Maxim Turov

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Maxim Turov
MaximTurov12.jpg
Country Russia
Born (1979-12-07) 7 December 1979 (age 37)
Gukovo, Russian SFSR, Soviet Union
Title Grandmaster (1999)
FIDE rating 2600 (March 2017)
Peak rating 2667 (May 2012)

Maxim Turov (Russian: Максим Туров; born 7 December 1979) is a Russian chess Grandmaster (1999).

In 2005 and 2011 he won the Open Dutch Championship in Dieren.[1][2] In 2009, he tied for 1st–2nd with Alexander Lastin in the Doroshkevich Memorial,[3] shared first with Marius Manolache in the International Chess Festival Eforie Nord,[4] won the 9th Nordhausen Open[5] and the 25th Faaker See Open.[6] In 2010, he won the Chennai Open,[7] tied for 1st–4th with Sergei Zhigalko, Rinat Jumabayev and Vitali Golod in the 4th Georgy Agzamov Memorial in Tashkent, winning the tournament on tiebreak,[8] tied for 1st–6th with Dmitry Kokarev, Alexey Dreev, Martyn Kravtsiv, Baskaran Adhiban and Aleksej Aleksandrov in the 2nd Orissa Open tournament in Bhubaneshwar.[9] In 2011 he tied for 2nd–6th with Konstantine Shanava, Mikhail Ulibin, Robert Hovhannisyan and Levon Babujian in the 4th Karen Asrian Memorial in Jermuk,[10] tied for 2nd–7th with Julio Granda, Aleksander Delchev, Ivan Šarić, Pablo Almagro Llamas and Mihail Marin the 31st Villa de Benasque Open[11] and tied for 2nd–7th with Deep Sengupta, Viacheslav Zakhartsov, Krisztian Szabo, Lev Gutman, David Berczes and Samuel Shankland in the ZMDI Schachfestival in Dresden.[12] In January 2012 Turov won the Group C of the Tata Steel Chess Tournament in Wijk aan Zee.[13] Later that year, he won again the Agzamov Memorial, on tiebreak over Mikheil Mchedlishvili and Anton Filippov.[14] In 2014, he tied for 1st–3rd with Jan Werle and Yuri Solodovnichenko in the Oslo Chess International GM Tournament.[15]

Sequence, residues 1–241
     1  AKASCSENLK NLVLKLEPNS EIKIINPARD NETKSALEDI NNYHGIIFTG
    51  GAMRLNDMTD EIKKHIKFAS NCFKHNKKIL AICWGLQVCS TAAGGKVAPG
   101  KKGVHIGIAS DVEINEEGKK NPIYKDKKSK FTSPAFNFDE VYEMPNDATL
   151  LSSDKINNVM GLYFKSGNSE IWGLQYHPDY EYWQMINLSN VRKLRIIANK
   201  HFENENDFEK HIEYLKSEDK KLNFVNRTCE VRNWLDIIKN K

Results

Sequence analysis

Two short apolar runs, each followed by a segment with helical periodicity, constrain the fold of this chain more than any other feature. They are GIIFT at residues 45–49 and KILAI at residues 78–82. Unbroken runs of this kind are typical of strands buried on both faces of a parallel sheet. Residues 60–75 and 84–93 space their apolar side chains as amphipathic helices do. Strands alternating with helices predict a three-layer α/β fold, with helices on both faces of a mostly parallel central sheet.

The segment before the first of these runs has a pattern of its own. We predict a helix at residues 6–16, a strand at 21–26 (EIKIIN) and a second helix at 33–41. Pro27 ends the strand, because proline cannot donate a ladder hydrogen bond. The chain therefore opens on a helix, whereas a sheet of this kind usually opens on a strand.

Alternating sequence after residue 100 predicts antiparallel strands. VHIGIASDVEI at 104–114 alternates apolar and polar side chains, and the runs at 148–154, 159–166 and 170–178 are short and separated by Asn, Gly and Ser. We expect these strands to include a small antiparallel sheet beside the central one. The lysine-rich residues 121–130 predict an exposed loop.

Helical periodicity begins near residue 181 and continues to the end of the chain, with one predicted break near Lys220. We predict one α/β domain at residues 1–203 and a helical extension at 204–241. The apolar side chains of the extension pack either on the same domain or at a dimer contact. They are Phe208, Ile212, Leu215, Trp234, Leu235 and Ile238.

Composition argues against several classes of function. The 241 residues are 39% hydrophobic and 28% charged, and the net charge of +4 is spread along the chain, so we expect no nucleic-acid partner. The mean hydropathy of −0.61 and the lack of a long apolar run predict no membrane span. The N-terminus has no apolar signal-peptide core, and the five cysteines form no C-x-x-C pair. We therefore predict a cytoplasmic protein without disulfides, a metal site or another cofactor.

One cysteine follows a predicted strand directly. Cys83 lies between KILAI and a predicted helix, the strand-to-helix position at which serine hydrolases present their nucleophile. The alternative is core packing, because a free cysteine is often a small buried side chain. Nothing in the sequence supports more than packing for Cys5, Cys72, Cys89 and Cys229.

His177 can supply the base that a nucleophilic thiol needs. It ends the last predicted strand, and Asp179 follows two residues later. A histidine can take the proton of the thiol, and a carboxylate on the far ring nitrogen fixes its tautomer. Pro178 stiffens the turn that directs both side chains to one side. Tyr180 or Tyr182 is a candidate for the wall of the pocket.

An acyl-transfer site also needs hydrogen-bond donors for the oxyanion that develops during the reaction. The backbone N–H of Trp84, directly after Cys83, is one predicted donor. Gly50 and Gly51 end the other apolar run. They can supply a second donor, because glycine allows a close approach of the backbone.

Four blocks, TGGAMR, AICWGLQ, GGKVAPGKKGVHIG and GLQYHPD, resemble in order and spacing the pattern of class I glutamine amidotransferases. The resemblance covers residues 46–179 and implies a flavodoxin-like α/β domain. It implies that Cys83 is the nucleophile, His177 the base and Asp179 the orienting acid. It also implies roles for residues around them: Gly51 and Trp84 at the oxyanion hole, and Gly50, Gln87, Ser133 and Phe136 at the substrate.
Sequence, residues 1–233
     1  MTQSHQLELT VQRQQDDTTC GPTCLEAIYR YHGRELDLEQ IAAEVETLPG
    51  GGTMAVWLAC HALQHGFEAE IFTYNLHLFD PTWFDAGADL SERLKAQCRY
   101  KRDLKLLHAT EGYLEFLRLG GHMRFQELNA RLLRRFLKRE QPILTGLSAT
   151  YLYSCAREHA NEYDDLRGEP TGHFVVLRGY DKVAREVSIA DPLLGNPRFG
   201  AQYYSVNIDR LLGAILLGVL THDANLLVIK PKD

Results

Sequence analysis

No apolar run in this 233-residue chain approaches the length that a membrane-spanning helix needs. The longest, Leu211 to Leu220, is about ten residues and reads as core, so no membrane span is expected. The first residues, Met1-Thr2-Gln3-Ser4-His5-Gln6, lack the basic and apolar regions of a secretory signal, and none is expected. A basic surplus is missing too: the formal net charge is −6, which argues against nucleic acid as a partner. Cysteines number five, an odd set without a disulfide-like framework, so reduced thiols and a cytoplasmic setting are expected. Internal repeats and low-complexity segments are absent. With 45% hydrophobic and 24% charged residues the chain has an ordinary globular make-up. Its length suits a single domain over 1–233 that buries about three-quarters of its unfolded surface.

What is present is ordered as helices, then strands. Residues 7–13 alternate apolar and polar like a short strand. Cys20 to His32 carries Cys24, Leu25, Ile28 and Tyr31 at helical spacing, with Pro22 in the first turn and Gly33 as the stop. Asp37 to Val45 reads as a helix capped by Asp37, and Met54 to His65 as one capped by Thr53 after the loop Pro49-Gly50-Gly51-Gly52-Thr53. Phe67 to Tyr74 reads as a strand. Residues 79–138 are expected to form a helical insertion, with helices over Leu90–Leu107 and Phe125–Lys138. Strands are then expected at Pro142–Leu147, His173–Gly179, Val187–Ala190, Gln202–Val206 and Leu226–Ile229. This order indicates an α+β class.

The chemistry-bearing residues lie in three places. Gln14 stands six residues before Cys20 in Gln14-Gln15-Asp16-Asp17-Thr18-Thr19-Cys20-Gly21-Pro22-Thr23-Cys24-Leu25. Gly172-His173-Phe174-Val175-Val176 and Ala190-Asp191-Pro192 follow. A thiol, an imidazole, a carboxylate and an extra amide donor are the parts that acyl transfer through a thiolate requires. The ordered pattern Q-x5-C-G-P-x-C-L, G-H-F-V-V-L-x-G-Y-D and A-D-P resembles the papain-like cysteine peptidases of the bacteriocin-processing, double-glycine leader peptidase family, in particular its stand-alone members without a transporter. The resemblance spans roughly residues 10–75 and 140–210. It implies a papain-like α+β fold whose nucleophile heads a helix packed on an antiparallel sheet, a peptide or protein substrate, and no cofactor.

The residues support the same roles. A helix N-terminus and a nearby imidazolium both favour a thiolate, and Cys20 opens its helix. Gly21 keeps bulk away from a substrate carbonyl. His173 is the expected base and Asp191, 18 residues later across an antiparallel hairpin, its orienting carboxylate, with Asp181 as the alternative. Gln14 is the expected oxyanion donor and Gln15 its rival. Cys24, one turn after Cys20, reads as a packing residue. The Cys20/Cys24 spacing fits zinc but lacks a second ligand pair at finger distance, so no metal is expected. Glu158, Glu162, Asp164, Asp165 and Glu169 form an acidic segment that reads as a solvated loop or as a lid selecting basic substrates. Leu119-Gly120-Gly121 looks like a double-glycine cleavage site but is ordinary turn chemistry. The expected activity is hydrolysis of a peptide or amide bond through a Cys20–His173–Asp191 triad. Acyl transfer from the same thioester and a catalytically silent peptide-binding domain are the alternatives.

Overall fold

He is married to International Master Irina Slavina Turova.[16]

References[edit]

  1. ^ Crowther, Mark (2005-08-22). "TWIC 563: Open Dutch Championship". The Week in Chess. Retrieved 8 January 2016. 
  2. ^ Crowther, Mark (2011-08-01). "TWIC 873: Open NK 2011". The Week in Chess. Retrieved 8 January 2016. 
  3. ^ Crowther, Mark (2009-06-22). "TWIC 763: Doroshkevich Memorial". The Week in Chess. Retrieved 8 January 2016. 
  4. ^ "International Chess Festival Eforie Nord 2009". Chessdom. 2009-06-30. Retrieved 8 January 2016. 
  5. ^ (German) Maxim Turov gewann 9. Nordhäuser Schachopen Schachlinks.com. 2009-08-08
  6. ^ 25. FAAKER SEE OPEN Chess-Results.com
  7. ^ "Chennai Open 2010 International GM Tournament". FIDE. Retrieved 14 May 2011. 
  8. ^ Begmatov, Jamshid (2010-04-12). "IV International Georgy Agzamov Memorial in Tashkent". ChessBase. Retrieved 8 January 2016. 
  9. ^ "02nd Orissa Open Grandmaster TMT". FIDE. Retrieved 14 May 2011. 
  10. ^ "4th Karen Asrian Memorial". Chessdom.com. Retrieved 28 June 2011. 
  11. ^ "Tigran Petrosian Victorious in Benasque Open". Chessdom. Retrieved 17 July 2011. 
  12. ^ "ZMDI Schachfestival Dresden 2011 Gruppe A". World Chess Federation. Retrieved 21 December 2011. 
  13. ^ "Wijk aan Zee Rd13 Aronian is sole winner!". ChessBase.com. 2012-01-29. Retrieved 29 January 2012. 
  14. ^ Begmatov, Jamshid (2012-04-09). "VI Georgy Agzamov Memorial – Tashkent Open 2012". ChessBase. Retrieved 8 January 2016. 
  15. ^ "Oslo Chess International GM 2014 November 2014 Norway". FIDE. Retrieved 1 December 2014. 
  16. ^ "Farcical end to strong women's event". Chess in Translation. 2011-03-13. Retrieved 8 January 2016. 

External links[edit]